What the notes tell me is that voters are bad at determining the actual consequences of their votes or that they make trade-offs when they vote. That doesn't mean that their vote isn't self-interested.

It seems the definition for self-interest does not specifically address the direct benefits of voting for a lot of people. The closest it comes to those direct benefits is group-interested and party identification, but even those are too aggregated to capture the individual direct benefits of voting, which are many and varied.

For example, I know folks who view their vote as a signal that they care about the intentions of some program or ideology. Even if it impacts them negatively in some other way, it serves their self-interest because they think it allows them to claim the moral high ground in political debates. They also say they sleep better at night for voting with their conscience.

It may all come down to is trade-offs and the econometrics is missing the other side of the trade. Folks make trade-offs when they vote with dollars and in the voting booth.

I doubt many economists would say that someone wasn't serving their self-interest because they gave up $2 for a cup of coffee. It seems the econometrics here is saying "a person gave up $2, why would they do that? How does giving up $2 serve their self-interest?" Of course, we all know it serves their self-interest because they valued the cup of coffee more than the $2.

When people vote at the booth they make similar trade-offs. I may vote against a politician that supports a program that directly benefits me, because I can claim the moral high-ground. That trade-off may be worth it.

Or, I may just be a sucker and I assume all the moral high-ground benefits of my vote, without understanding what I traded off.

Ezadarque writes:

I would point the economic effects of migration restriction - perhaps trillions of dollars

http://www.cgdev.org/files/1425376_file_Clemens_Economics_and_Emigration_FINAL.pdf

David R. Henderson writes:

@Seth,
Based on his book, I’m positive that Bryan wouldn’t disagree with you. The key is the adjective “narrow” in front of self-interest.

Trespassers W writes:

@neal:

I claim, with tongue only partly in cheek, that econometrics is just linear regression done very carefully on natural (rather than experimental) data.

Yes, it's "just" a subset of statistics, but econometricians face somewhat different issues than, say, biostatisticians, so there's some justification for calling it something different.

Arthur_500 writes:

the typical voter votes with emotion rather than objective or any other kind of self-interest.

Taking care of the poor is not in my objective self interest. But, it makes me feel good - especially if someone else does it like the gubment.

Ultimately there are too many issues to narrow a vote so the voter goes with habit or some specific issue to which they have an emotional attachmnet.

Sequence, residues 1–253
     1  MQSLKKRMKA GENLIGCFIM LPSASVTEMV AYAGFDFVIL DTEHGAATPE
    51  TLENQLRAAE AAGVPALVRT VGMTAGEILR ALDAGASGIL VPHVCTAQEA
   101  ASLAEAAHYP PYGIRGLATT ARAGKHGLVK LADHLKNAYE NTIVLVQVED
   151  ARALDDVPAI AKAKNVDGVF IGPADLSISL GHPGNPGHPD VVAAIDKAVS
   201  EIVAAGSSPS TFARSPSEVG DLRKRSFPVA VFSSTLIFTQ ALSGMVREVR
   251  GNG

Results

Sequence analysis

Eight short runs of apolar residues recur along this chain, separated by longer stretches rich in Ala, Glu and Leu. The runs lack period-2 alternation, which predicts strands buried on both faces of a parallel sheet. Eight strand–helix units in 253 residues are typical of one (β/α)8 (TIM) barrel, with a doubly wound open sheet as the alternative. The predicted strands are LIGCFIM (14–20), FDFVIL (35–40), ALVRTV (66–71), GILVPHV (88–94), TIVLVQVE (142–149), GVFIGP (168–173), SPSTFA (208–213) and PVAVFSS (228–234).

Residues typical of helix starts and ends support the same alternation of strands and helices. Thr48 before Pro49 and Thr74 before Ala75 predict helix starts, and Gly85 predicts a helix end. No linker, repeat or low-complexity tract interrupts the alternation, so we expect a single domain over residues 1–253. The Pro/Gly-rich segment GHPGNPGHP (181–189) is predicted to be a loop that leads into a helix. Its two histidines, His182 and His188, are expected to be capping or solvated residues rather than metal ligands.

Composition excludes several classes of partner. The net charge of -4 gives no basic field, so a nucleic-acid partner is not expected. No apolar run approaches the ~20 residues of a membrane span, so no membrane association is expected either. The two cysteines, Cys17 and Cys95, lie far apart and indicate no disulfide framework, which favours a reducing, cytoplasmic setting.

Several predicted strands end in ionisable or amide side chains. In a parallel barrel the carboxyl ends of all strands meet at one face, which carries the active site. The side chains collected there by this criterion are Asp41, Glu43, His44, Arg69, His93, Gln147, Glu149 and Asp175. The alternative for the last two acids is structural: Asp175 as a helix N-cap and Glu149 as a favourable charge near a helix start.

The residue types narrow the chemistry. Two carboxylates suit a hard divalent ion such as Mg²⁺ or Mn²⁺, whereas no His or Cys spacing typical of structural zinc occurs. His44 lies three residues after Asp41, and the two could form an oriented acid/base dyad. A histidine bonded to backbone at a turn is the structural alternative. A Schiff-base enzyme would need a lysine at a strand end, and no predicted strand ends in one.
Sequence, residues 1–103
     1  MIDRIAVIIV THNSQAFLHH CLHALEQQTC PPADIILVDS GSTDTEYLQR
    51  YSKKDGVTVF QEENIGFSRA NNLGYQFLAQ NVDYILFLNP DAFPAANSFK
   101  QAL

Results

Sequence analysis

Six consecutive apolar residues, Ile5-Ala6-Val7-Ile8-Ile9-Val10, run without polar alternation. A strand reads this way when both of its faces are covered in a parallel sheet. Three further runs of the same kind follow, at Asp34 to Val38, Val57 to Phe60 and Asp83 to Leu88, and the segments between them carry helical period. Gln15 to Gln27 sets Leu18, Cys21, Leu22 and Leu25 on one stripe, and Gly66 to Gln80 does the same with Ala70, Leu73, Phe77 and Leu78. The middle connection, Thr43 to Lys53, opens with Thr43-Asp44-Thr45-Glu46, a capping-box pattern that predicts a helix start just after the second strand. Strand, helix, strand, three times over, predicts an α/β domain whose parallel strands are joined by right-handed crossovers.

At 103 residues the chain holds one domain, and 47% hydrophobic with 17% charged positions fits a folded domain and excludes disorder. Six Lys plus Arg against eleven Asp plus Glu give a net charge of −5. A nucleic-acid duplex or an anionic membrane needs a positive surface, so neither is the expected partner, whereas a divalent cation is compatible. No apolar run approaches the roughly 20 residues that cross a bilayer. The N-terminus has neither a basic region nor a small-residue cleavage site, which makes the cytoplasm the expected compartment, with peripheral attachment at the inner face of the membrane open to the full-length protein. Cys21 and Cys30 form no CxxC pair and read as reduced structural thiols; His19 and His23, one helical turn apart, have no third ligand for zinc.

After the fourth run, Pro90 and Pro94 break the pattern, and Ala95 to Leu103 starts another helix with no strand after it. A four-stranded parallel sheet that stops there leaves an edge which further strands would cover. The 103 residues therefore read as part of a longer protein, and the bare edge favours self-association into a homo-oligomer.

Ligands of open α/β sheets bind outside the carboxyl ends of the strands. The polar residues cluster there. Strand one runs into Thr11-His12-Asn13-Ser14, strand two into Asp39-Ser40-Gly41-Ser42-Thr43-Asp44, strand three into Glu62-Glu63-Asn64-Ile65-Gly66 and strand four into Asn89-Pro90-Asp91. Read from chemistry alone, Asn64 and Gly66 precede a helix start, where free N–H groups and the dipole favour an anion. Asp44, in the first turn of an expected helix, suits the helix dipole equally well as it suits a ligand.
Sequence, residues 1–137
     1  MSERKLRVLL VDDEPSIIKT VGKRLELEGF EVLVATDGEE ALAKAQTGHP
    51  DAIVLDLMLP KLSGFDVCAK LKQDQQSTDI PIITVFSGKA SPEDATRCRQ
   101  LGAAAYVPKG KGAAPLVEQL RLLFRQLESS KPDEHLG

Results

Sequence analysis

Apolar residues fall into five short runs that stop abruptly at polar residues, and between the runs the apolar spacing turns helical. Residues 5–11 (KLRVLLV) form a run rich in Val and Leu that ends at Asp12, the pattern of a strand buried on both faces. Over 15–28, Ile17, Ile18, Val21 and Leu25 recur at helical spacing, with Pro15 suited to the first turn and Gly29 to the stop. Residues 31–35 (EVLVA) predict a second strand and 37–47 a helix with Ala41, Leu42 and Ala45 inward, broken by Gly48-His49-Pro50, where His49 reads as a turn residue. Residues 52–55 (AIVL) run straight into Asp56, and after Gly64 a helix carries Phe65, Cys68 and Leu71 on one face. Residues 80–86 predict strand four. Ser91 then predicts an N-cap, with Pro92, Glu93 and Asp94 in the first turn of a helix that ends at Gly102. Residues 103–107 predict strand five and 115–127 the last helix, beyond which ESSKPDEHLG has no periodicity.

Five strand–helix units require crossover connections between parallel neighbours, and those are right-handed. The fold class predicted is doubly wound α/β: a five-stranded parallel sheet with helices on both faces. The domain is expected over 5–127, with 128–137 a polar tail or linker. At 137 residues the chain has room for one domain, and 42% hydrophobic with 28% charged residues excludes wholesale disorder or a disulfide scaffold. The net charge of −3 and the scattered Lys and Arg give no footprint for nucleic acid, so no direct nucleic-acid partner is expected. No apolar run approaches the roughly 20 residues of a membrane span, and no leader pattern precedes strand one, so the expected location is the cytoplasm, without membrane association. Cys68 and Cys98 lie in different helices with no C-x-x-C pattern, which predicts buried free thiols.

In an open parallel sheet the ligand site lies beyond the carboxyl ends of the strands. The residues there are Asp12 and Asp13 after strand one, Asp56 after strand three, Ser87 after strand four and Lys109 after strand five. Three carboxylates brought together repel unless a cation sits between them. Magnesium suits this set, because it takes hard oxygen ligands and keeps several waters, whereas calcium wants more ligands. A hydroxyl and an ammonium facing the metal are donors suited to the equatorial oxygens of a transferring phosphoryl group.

Mike Rulle writes:

Most of us commenters, myself included, immediately jumped on the term and phrase "objective self interest" and "maximize narrow self interest" with good reason. These are value laden phrases which already makes us suspicious as to who has the confirmation bias.

I prefer actual more "objective" standards to measure voting preferences against. One example might be "people tend to vote against their short term monetary interest"; or, people will often vote for a person who supported a law because they believe the law did "X", when it actually does "Y".

Using phrases like "objective self interest" creates confusion as it has to be defined in such a way that many will disagree, relative to everyday usage.

A racoon writes:

An experiment where people are asked to vote on discrete question is not analogous to the votes we actually cast because people only rarely vote on discrete issues (I can't think of any Federal referendums).

We mainly vote to pick one person among 2 to do a job. Those 2 persons have made lots of promises, will vote on many bills not yet printed, and may face crises not yet anticipated. Every single candidate will certainly act contrary to your desires at least some of the time and have loyalties divided among voting constituents, contributors, party politics and self-regard.

I know no better way to vote than trusting your intuition about a candidate's common sense, humility and integrity. But most people (~2/3) use political party as proxy for whatever they care about.

(Experiments also don't replicate the emotion or effort most people take into the booth; in fact the entire ritual of community voting imbues seriousness and focus.)

Kendall writes:
student demographics are more important than teachers, but teachers are still fairly important

I thought I heard on an econ Talk episode that the difference in performance between teachers in the same school was greater than the difference between schools? If this is correct does that fit with student demographics being more important?